by Lauren Harding, Eating Recovery Coach and Counseling Intern
The holiday season can bring a significant amount of joy; however, it also presents its fair share of challenges. There is an expectation that the next few months are the best time of the year, which can be especially daunting for those who struggle with mental health issues.
For individuals who struggle with eating disorders or disordered eating, the holidays pose unique difficulties. Between the strong emphasis on food, diet talk, and that uncle who comments on your weight each year, the holiday season may be something that you are dreading. The “busy-ness” of this time of year, lack of routine, social experiences, and painful memories can further exacerbate disordered eating, anxiety, or depressive symptoms.
I started talking to my clients who struggle with eating disorders about the holiday season in September. Already so many of these individuals are worrying about who they will see, if they will be able to keep their exercise routine, and how much holiday food they can “allow” themselves to eat. They are already preoccupied with the “what ifs” surrounding the holidays and planning their “get back on track” strategy for January.
In all reality, their anxiety surrounding the holidays makes sense. We all have the aunt Karen who makes her cauliflower mashed potatoes and brags about her new diet. We have the distant cousin who tells everyone about their new exercise routine. We have the grandma who lets you know if you’ve gained or lost weight.
And let’s face it, there is a lot of delicious food. Our culture connects and celebrates using food. Many families even have specific traditions surrounding the holidays with food. Christmas Eve I grew up eating “Cioppino” (fish soup) and fresh baked bread. I have a friend who always makes tamales on New Year’s Eve with her family. These can be positive opportunities allowing you to connect and be with those that you love.
I want you to know that you are not alone if you are feeling anxious approaching the holidays. I know that with eating disorder recovery, the holidays require serious strength and courage. I wanted to share a few tips to help you to navigate these next few months and provide some skills to enable you to maintain your recovery.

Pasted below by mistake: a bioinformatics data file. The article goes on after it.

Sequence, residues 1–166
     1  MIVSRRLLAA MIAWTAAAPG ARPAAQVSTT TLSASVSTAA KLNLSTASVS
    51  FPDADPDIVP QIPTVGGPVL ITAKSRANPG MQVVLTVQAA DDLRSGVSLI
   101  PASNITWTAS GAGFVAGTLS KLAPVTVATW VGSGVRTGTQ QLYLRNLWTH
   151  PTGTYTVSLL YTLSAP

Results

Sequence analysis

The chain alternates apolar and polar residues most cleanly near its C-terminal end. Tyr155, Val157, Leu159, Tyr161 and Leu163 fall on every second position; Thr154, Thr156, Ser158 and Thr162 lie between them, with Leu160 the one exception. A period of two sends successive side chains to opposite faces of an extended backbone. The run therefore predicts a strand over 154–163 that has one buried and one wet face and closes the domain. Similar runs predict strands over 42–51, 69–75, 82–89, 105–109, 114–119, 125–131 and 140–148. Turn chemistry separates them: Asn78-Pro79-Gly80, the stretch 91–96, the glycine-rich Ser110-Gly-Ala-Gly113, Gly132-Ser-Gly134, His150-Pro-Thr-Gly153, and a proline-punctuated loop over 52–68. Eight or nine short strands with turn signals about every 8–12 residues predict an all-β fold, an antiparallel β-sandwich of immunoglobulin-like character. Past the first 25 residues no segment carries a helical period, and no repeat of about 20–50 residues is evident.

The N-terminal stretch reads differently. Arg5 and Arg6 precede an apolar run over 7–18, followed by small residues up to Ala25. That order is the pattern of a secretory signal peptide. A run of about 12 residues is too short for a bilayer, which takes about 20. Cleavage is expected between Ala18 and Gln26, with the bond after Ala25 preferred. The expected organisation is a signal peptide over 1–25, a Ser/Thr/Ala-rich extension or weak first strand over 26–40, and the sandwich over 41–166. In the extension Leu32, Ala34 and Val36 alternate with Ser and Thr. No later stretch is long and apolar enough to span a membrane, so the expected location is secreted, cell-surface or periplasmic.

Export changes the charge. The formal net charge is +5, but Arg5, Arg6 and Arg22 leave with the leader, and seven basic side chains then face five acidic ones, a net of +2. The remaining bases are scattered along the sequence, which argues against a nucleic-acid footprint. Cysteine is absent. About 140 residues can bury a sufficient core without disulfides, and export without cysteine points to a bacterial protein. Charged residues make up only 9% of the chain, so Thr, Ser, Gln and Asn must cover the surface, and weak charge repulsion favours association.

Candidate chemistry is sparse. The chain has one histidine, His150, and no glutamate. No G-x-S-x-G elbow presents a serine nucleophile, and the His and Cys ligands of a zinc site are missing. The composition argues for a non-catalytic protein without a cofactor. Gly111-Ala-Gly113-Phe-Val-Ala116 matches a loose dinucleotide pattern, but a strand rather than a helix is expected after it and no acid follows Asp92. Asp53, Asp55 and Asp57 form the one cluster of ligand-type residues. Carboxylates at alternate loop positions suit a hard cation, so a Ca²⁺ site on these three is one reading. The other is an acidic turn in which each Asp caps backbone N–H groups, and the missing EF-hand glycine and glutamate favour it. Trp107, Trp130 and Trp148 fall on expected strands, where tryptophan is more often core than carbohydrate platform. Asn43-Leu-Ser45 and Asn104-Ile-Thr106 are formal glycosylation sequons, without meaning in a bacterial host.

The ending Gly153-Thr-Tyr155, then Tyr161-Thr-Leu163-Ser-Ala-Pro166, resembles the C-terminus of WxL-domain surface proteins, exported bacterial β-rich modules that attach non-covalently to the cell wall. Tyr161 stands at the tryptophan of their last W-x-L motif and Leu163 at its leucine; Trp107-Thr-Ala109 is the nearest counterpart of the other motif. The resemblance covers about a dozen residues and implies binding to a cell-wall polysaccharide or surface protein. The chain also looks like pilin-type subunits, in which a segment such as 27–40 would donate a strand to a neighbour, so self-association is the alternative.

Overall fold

Meet with your treatment team and come up with a specific plan. Make sure to include your therapist and dietician as you process what might come up this season that could be triggering. Identify coping skills or statements that you can tell yourself in the moment that you are struggling. Visualize and practice with your therapist. Remember: Being scared in recovery is normal, but you don’t have to let that fear control your actions.
As mentioned above there might be family members or friends who use weight-related or diet talk. Come up with a few strategies of how you could handle these situations. It can be uncomfortable to set boundaries. But remember, diet and weight talk is not very interesting, and is never helpful. You have the right to change the subject or ask if you can talk about something more meaningful. You have the right to walk away and take a break. You can give yourself permission to tell your aunt Karen that you choose to live in a “diet-talk free zone”, or that you are trying to focus on other aspects of the holiday season.
True strength is not denying yourself food or avoiding certain foods. True strength requires challenging yourself, despite what the eating disorder self might be telling you. Be gentle with yourself as you take these uncomfortable steps. Practice self-care. Talk to yourself the way you would talk to a friend, or a child. We are not looking for perfection but for progress. What small step can you take these next few months to help you in your recovery journey? If you need to decompress, leave the room for a few minutes. You don’t have to wait until you go home to take a break. Take some time to breath, feel, and experience the calming stillness that is always there within you, despite all of the noise.
What do the holidays mean to you? Reflect on this. Focus your time and attention on what you are grateful for, and what you want to remember 5 years from now. If you find yourself focused too much on the food, focus on the process of making it with someone you love. Meaning leads to meaningful. Learn about why your family holds certain traditions, and what they enjoy most about them. Learn about holiday customs and what those mean. This can shift your focus away from the eating disorder, and help you to focus on the things that actually matter this holiday experience.